Pacing is movement, and movement has rhythm. Some rhythms are fast, staccato beats, rat-tat-tat-tat; some are slow, leisurely swells; and some are a steady heartbeat. One thing is true for all of them: in order to have a beat, in order to have rhythm, there must be sound and then silence. A single continuous blast of a foghorn has no rhythm; neither does complete silence. It’s only when you get the foghorn in multiple blasts that a rhythm can develop.
But there’s more to rhythm than noise-silence-noise-silence. Rhythm has a beat, and that means emphasis in some places and not in others. The marching cadence isn’t one, two, three, four; it’s Hup, two, three, four; the heartbeat is a steady lub-dub, lub-dub. Rhythm can also change the length of each beat, like the shave-and-a-haircut door-knocking rhythm: dum-da-da-dum-dum…dum dum.
And all of that applies to pacing in a story. In addition, you have the increase in tension to play with, until it all comes unwound at the climax. You can climb your plot-hill in a steady upward heartbeat, lub-dub, lub-dub, a tense action scene followed by a lower-key relief/reaction scene, like the “scene and sequel” model most recently promulgated by Jack Bickham. You can have a series of quick action scenes of varying length and importance, rat-a-tat-tat. Or you can go for something more complicated, like the door-knocking rhythm, where the long and short beats and the emphasis on each is irregular, but still pleasing.
The tools a writer has to work with are not sound and silence, but action, reaction, relevance, length, description, tension, density, word choice, and viewpoint. Each of those tools can be used in a way that’s “fast” or “intense,” or in ways that are slower and less emphatic; the writer mixes and matches them in each scene to manipulate the reader’s impression of speed or pace. The story gets told one word at a time, regardless.
The place most people start is with action. It’s a writing truism that action scenes “read faster” than contemplative scenes around the campfire…but even so, some action scenes read faster than other action scenes. Using longer sentences and paragraphs, providing more detailed description of the setting in which the action is occurring, stretching out the blow-by-blow description of the action itself (like a slow-motion scene in a martial arts movie)…all that can slow down an action scene. Doing the whole scene as a two-paragraph summary instead of a fully developed and dramatized scene can change the emphasis on a major battle scene, making it the “a” in the rat-a-tat-tat instead of the rat. Providing more of the viewpoint character’s immediate reactions in-scene, similar to stream-of-consciousness, can speed things up or slow them down, depending on where and how you place the reactions.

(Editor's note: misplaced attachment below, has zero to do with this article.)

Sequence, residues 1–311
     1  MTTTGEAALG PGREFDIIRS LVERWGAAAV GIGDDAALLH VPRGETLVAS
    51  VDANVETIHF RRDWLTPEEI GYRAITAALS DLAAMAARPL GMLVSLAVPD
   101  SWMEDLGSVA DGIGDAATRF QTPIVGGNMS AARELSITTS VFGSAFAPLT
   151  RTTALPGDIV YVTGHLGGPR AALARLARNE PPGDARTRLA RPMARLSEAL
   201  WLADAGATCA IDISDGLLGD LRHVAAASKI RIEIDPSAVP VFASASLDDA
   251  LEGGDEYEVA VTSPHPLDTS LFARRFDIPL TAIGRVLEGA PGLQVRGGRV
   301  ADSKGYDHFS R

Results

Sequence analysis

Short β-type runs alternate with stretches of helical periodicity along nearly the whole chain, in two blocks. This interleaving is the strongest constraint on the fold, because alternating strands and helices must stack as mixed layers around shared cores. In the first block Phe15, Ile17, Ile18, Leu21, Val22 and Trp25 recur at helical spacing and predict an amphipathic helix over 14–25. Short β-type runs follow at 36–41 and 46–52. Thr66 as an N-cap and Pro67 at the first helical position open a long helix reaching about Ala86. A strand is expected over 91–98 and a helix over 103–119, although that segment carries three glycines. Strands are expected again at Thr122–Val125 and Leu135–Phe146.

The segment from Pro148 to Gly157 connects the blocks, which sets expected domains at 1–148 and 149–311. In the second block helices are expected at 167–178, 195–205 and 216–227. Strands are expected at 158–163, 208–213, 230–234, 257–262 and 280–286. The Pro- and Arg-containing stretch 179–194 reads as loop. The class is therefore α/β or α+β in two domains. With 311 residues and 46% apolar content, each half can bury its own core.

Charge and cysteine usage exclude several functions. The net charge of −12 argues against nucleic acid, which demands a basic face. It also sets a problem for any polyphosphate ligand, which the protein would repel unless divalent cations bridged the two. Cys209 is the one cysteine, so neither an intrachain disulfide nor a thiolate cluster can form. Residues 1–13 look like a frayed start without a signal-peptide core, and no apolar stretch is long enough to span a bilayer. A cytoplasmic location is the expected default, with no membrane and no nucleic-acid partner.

The denser the prose, the more slowly it tends to read. This is why one of the paradoxical fixes for a slow scene is often to make it longer – the lagging pace is the result of too much information coming at the reader too fast, so making the information less dense by spreading it out over another page or two is one way of solving that problem (the other being to take some of the information from the paragraph or scene out completely, and either dispense with it entirely or move it to another scene that needs slowing down some).
The key to all this is variation. Each of the elements of storytelling can vary independently, but they all come together to build the pace of the story. Yes, it sounds horribly complicated – which is one of the reasons why pacing problems are a horrible bear to fix – but it’s not something most writers do consciously and deliberately. It’s like riding a bicycle – you can tell when your balance is off and correct it without consciously controlling each and every muscle in your legs. The trick is to step back occasionally and look at the whole story, not just whatever scene you’re working on. Too many folks have had it drummed into their heads that a slow scene is “bad,” so they make all their scenes fast, action-packed, snappy, and tense…and end up with an overall story pace that is as even and unmemorable as a freeway ride through a desert at 90 miles an hour.
And next I’ll finally get to the complex-multiple-viewpoint pacing problems folks were asking about.